TALLAHASSEE, Fla. >> Much of Florida’s western coast was under a tropical storm warning Sunday, with the threat of heavy rains and high wind moving quickly northeastward from the Gulf of Mexico.
The National Hurricane Center in Miami said a tropical depression in the southern gulf was “expected to become a tropical storm” later Sunday or early Monday. The depression was moving north at about 8 mph and was expected to pick up the pace later Sunday.
Tropical depressions have wind speeds of less than 39 mph, while tropical storms carry wind speeds of between 39 mph and 73 mph.
The storm, expected to become Tropical Storm Colin, was likely to bring dangerous rainfall levels, and residents were warned about possible flooding and hazardous driving conditions.
The National Weather Service in Mobile issued a flood warning for the Shoal River near Crestview and warned of possible widespread flooding in streams, creeks, and canals. Wind gusts threatened to bring down trees and branches and cause power outages.
Florida Gov. Rick Scott planned a briefing with state emergency management officials Sunday afternoon.
Sand bags were being distributed to residents in St. Petersburg, Tampa and nearby cities.
“We’re surrounded on three sides by water,” said Pinellas County spokesman Nick Zoller, who said the county distributed 3,300 sand bags on Saturday, a number he expected to go up now that a tropical storm warning is in effect.
Just to the north, Pasco County Emergency Services Director Kevin Guthrie said the message is to be prepared.
“We are going to flood in parts of Pasco County,” Guthrie said in an email.
Fort Hood officials have identified the last of nine soldiers who died in Texas floodwaters during a training exercise as a 25-year-old Army specialist from California.
Army officials on Sunday said Spc. Yingming Sun enlisted in 2013 and first arrived at Fort Hood nearly two years ago. He and eight others who were previously identified died when fast-moving waters washed a 2 ½-ton vehicle from a low-water crossing Thursday.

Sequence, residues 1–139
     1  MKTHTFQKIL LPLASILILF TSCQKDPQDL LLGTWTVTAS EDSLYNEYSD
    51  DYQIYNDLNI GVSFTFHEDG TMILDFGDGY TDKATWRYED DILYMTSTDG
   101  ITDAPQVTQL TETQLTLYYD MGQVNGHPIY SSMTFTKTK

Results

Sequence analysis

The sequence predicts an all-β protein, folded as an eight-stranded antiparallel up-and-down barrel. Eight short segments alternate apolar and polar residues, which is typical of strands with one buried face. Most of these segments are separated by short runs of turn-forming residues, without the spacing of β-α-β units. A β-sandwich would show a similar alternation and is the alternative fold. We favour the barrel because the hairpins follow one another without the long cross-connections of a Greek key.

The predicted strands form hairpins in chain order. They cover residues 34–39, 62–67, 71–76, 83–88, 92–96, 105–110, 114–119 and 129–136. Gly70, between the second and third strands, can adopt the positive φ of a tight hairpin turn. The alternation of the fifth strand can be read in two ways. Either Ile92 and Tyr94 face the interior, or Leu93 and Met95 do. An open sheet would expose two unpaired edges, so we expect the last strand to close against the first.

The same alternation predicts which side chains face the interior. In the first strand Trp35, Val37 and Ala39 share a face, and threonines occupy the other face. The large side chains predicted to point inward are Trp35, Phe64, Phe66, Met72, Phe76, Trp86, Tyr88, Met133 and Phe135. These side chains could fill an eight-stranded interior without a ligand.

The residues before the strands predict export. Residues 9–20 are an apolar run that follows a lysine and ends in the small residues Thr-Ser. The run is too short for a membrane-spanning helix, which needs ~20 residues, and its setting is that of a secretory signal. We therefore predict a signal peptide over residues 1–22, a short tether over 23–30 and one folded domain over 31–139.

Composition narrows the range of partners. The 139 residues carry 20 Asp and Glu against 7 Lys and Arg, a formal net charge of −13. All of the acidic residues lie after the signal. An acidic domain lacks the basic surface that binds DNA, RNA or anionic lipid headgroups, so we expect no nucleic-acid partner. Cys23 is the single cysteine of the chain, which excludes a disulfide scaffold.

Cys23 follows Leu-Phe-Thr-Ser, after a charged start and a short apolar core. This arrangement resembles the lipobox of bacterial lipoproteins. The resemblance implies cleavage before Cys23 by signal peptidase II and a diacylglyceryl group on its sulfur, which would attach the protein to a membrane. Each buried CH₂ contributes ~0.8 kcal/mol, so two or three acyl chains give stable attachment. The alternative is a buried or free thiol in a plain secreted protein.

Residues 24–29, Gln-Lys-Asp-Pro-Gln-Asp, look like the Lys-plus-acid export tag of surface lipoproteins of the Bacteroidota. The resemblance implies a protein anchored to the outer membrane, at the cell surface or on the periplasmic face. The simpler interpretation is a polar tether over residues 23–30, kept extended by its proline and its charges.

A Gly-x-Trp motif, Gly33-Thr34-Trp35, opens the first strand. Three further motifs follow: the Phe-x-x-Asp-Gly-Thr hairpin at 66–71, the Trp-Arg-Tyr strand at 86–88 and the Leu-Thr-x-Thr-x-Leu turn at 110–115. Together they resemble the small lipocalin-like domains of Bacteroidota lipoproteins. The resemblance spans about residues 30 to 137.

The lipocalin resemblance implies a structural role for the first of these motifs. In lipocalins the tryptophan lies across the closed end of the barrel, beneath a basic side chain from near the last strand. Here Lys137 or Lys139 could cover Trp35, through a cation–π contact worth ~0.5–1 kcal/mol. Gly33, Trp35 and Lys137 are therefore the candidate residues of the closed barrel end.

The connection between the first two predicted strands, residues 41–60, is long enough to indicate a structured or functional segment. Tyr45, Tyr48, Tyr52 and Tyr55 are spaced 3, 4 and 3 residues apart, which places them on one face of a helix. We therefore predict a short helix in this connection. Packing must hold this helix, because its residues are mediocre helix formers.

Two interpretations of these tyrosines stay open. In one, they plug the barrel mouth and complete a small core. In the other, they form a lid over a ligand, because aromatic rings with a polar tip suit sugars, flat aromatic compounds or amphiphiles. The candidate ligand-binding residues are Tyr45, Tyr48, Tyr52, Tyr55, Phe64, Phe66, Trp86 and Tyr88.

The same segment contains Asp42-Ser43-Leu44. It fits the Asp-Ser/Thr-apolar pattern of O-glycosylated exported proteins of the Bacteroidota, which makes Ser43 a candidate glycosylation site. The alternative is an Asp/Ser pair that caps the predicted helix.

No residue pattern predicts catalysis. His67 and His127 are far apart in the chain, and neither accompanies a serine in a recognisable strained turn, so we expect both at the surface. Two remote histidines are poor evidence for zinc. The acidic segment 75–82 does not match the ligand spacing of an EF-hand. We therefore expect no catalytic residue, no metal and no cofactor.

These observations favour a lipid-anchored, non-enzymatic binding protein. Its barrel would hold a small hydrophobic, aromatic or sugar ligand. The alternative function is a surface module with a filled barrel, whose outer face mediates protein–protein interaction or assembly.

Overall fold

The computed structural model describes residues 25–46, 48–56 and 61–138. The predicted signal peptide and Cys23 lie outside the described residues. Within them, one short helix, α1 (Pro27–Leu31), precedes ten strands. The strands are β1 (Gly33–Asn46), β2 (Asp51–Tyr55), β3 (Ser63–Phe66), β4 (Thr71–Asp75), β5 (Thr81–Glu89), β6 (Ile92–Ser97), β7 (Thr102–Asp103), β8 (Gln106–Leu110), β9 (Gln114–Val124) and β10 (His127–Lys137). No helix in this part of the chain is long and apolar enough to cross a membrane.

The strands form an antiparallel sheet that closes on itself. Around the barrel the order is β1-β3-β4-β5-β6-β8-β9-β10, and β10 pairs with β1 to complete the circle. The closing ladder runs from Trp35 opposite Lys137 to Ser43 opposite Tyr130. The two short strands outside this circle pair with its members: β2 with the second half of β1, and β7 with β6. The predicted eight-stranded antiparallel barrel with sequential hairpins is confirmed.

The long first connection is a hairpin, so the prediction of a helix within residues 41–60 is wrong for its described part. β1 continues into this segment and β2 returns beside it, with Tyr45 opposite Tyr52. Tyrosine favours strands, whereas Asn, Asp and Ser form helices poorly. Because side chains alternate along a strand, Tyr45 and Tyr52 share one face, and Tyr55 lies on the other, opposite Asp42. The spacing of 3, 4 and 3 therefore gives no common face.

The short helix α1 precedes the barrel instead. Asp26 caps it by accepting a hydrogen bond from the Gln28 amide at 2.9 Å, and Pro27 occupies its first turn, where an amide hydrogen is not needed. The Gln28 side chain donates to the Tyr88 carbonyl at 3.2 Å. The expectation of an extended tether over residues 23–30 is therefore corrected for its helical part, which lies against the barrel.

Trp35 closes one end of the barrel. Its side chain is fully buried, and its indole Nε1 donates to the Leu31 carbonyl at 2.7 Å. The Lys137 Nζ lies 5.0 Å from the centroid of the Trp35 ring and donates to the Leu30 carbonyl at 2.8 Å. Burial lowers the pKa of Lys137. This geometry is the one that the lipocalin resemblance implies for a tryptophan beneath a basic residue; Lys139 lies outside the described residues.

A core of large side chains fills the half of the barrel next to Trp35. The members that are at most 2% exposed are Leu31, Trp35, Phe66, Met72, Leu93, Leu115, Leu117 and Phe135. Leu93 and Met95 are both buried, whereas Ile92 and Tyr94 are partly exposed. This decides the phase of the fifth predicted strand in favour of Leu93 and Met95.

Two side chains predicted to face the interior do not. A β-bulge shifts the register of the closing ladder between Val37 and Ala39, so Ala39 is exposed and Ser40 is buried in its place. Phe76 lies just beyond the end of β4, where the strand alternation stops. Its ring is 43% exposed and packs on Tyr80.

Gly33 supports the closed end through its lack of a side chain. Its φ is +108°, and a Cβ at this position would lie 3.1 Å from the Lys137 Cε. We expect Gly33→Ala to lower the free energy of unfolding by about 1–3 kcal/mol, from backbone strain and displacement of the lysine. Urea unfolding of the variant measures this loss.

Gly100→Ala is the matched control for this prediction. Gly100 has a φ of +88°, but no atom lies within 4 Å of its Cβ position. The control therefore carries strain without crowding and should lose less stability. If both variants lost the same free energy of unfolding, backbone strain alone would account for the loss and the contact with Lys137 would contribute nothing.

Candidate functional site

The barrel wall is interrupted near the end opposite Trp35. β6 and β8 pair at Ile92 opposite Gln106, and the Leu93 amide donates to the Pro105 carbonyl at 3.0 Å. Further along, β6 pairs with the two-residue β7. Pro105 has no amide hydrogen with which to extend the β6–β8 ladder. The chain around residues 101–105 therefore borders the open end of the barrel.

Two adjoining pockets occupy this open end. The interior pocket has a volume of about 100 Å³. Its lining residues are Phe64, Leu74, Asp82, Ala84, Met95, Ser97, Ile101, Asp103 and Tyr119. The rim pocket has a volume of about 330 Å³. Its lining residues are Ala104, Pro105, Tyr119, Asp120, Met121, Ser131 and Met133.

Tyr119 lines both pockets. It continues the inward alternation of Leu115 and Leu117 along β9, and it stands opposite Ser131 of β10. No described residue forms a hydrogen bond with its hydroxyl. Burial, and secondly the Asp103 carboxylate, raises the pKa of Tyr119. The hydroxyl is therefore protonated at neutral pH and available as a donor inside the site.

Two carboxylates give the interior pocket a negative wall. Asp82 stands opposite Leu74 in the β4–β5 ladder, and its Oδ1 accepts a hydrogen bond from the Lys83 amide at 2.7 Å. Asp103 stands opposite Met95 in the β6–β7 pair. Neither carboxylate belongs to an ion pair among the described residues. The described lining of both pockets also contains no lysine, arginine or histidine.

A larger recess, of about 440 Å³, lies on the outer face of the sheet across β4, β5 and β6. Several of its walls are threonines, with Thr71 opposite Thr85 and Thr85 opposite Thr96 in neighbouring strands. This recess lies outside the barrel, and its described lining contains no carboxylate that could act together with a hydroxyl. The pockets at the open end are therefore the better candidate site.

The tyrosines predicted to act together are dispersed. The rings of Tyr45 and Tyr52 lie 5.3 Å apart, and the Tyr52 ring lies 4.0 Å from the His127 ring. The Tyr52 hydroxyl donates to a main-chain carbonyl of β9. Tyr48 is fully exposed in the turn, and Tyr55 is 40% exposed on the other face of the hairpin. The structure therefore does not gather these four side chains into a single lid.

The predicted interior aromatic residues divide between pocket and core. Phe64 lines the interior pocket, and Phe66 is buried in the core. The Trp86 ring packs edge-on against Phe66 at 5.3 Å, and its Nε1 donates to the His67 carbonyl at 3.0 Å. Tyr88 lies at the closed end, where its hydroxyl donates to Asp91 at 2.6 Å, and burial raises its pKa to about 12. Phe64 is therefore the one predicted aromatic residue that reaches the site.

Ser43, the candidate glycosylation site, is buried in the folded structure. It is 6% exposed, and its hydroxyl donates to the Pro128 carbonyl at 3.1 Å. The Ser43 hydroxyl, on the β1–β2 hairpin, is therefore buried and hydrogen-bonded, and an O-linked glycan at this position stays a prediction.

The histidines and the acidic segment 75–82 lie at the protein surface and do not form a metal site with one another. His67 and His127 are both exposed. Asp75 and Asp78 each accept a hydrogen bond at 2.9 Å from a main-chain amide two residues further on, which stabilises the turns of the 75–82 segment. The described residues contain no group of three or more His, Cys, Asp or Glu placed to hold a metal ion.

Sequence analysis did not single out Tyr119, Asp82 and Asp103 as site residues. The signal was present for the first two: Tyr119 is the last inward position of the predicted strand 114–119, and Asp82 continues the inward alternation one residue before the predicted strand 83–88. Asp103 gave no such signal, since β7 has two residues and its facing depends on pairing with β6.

Three others soldiers survived and have returned to duty.
Heavy and persistent storms the past two weeks have dumped more than a foot of rain in parts of Texas. The rain is expected to diminish this week and dry out areas such as Southeast Texas, where officials gave evacuation order to about 2,000 homes.
TAKING AIM AT THE NATION’S CAPITAL
More than 17 million people in Washington, D.C., Baltimore, Virginia Beach, Virginia, and Raleigh, North Carolina, are looking at an “enhanced” risk of severe thunderstorms Sunday, according to the National Weather Service’s Storm Prediction Center.
Damaging winds, a tornado or two and marginally severe hail are expected as far north as New York.
BRUSHFIRES AND WILDFIRES
Firefighters are spending the weekend battling blazes in California, New Mexico and Arizona.
A wildfire sparked by lightning burned nearly 12 square miles in the San Mateo Mountains near Magdalena, which is about 100 miles southwest of Albuquerque, New Mexico.
In Arizona, firefighters are fighting a much larger blaze. The Juniper Fire just south of the town of Young is now burning on over 28 square miles in the Tonto National Forest. It too was caused by lightning.
Officials say the extreme heat and a dry winter mean there’s a high risk of wildfires. Summer has typically been considered wildfire season but experts now say blazes happen year-round.
In Southern California, a brush fire burned 30 acres near Temecula, forcing the closure of the southbound I-15 freeway. No homes were immediately threatened.